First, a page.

US investigators said Monday that an Amtrak train that derailed in rural Montana over the weekend was going under the speed limit of about 75 mph (121 kph) when it slowly derailed, causing three People died and possibly the passengers were thrown out.
National Transportation Safety Board vice president Bruce Landsberg said investigators did not know the cause of the crash, but they were studying video from the train and another locomotive that ran on the same track an hour earlier. He said that the derailed train also had a black box which records everything that happens in the train.
“We have experts who are studying camera footage frame by frame to make sure we see what the engineer saw — or maybe didn’t,” Landsberg said.
The train derailed before a switch in the line, where one set of tracks was turned into two, on a section of track that had been inspected just two days earlier, he said.
The Empire Builder on the west side was traveling from Chicago to Seattle when it veered off the tracks on Saturday afternoon near Joplin, a city of about 200. The train carrying 141 passengers and 16 crew members had two locomotives and 10 cars, eight of which derailed. Some tipping on their sides.
When asked about the timber ties seen along the tracks, and whether there had been recent maintenance on that section, Landsberg did not answer directly.
“That will be one of the questions we are looking at,” he said. “Maintenance will be a really big concern for us. We don’t know, at this point, what really happened, was it a track issue, was it a mechanical problem with the train. So it’s all open.”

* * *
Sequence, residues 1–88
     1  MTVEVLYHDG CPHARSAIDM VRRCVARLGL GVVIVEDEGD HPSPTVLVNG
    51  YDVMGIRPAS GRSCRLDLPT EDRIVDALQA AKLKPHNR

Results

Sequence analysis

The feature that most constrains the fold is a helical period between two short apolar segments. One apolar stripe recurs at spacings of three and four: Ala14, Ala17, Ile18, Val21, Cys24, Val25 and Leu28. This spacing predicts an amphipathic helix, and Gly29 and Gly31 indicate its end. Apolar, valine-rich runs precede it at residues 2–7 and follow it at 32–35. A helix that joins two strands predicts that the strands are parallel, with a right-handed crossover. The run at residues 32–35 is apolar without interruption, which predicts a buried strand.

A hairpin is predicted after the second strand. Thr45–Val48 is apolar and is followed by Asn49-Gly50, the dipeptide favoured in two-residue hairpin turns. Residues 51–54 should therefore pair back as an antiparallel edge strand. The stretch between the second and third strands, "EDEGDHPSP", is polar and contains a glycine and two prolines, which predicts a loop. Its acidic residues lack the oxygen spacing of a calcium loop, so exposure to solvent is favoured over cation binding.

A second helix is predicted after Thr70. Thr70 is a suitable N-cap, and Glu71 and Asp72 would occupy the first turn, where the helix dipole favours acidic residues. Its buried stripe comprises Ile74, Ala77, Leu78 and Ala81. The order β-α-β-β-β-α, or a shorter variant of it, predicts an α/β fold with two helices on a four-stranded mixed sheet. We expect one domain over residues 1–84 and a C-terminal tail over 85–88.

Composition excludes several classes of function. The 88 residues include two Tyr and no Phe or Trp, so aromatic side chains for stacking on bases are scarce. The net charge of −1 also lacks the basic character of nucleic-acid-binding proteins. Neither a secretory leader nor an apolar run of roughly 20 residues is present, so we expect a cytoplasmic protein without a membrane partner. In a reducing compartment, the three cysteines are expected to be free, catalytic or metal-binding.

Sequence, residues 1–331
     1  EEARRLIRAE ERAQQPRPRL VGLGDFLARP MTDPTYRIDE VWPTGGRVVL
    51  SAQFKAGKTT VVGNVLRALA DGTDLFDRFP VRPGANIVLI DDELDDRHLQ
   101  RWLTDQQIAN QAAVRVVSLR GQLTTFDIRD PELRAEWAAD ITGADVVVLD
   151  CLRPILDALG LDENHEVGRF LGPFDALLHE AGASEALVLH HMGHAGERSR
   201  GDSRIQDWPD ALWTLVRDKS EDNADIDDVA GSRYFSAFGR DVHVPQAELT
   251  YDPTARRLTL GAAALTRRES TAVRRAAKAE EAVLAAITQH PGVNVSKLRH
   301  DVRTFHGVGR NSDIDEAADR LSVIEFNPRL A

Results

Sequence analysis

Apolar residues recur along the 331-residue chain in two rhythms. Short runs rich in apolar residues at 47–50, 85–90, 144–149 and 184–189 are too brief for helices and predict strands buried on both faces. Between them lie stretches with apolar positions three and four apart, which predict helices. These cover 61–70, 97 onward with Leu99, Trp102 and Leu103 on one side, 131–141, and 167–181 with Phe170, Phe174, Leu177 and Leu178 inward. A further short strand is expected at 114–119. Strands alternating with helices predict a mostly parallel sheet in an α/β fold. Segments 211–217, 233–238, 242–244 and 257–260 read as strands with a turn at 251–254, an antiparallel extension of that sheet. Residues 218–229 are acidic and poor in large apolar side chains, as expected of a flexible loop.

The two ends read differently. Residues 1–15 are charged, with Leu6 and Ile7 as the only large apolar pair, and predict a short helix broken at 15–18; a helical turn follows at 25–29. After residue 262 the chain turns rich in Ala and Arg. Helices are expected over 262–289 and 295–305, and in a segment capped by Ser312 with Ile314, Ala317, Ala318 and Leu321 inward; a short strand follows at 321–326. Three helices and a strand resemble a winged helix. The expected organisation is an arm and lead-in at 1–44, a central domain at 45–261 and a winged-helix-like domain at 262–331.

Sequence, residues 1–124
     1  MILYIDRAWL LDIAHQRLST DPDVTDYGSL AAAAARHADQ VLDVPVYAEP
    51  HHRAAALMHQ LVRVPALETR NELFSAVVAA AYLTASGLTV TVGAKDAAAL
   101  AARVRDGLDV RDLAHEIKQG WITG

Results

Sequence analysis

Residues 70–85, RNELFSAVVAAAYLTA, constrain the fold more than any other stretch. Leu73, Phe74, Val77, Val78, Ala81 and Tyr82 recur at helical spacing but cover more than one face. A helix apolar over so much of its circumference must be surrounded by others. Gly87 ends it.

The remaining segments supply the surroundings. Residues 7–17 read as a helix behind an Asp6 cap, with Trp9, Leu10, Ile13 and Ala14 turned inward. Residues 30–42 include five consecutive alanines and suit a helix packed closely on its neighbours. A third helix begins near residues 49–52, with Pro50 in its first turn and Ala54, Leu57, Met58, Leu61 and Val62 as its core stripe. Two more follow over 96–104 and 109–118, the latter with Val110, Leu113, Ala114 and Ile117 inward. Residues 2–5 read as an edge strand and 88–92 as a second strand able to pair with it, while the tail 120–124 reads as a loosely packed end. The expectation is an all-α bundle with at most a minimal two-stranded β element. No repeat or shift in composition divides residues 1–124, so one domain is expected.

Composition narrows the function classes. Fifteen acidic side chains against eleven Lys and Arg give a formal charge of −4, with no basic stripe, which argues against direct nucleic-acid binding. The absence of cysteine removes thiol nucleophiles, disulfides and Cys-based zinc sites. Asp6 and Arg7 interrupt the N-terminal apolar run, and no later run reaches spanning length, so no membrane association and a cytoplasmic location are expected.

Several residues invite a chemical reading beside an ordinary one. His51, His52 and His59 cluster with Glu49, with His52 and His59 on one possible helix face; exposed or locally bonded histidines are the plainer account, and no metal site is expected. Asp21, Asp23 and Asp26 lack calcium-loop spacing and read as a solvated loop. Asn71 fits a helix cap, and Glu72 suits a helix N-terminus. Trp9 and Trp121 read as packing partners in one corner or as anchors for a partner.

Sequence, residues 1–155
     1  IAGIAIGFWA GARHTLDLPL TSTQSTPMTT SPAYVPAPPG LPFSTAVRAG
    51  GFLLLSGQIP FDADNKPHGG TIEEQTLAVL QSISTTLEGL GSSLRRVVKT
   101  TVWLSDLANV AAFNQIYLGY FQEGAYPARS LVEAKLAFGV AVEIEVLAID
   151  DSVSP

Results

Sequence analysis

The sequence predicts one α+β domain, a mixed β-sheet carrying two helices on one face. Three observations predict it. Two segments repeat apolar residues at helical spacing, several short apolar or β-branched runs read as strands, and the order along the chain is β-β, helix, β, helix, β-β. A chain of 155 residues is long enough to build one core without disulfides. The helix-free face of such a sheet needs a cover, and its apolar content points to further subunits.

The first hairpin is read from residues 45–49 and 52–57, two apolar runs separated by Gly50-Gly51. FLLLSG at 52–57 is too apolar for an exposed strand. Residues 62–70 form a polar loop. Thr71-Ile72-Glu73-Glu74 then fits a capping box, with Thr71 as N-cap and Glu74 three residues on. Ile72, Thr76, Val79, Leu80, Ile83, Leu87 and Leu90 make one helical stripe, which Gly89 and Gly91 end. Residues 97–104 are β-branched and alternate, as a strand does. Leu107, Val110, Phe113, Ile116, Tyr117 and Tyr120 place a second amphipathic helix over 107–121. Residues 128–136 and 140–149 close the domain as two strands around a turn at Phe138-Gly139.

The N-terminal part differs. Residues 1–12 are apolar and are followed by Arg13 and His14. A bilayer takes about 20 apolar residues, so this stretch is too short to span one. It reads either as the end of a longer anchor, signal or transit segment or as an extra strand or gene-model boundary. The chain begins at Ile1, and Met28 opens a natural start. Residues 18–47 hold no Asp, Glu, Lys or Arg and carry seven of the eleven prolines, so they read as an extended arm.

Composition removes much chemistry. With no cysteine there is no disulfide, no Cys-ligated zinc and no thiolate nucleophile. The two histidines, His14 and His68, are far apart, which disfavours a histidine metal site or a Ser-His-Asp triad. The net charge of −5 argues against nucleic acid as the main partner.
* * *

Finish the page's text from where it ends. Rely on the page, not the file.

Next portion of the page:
The preliminary report on the derailment is expected within 30 days, he said.
Dale Fossen, one of several Joplin residents who went to the scene to help, said the train’s tracks were damaged.
“You can see the tracks looked like a pretzel, they were really bad,” Fossen said.
Investigators will look at “everything” including the switches, wheels, axles and suspension systems, as well as track geometry and condition, said Steven Dietmeier, a rail advisor and former senior Federal Railroad Administration official. He said a switch like the Joplin would be controlled by the BNSF Railway Control Center in Fort Worth, Texas.
Dietmeier said that sometimes rail lines can be deformed by heat, causing buckles in the tracks called sun kinks. This was the cause of the derailment in northern Montana in August 1988, when an Empire Builder train derailed about 170 miles (274 km) east of the small town of Sacco.
The NTSB concluded that an inspection failed to spot a problem in the track, and officials warned not to slow down trains on that section. The crew noticed that the track had shifted, but the train was moving at full speed and could not stop before the derailment.
Temperatures near Joplin hit an all-time high in the 80s on Saturday, according to the National Weather Service.
Russ Quimby, a former rail accident investigator for the NTSB, said heat is the most likely explanation. He is convinced because the engines in front did not derail, but the eight lighter coach cars behind him did.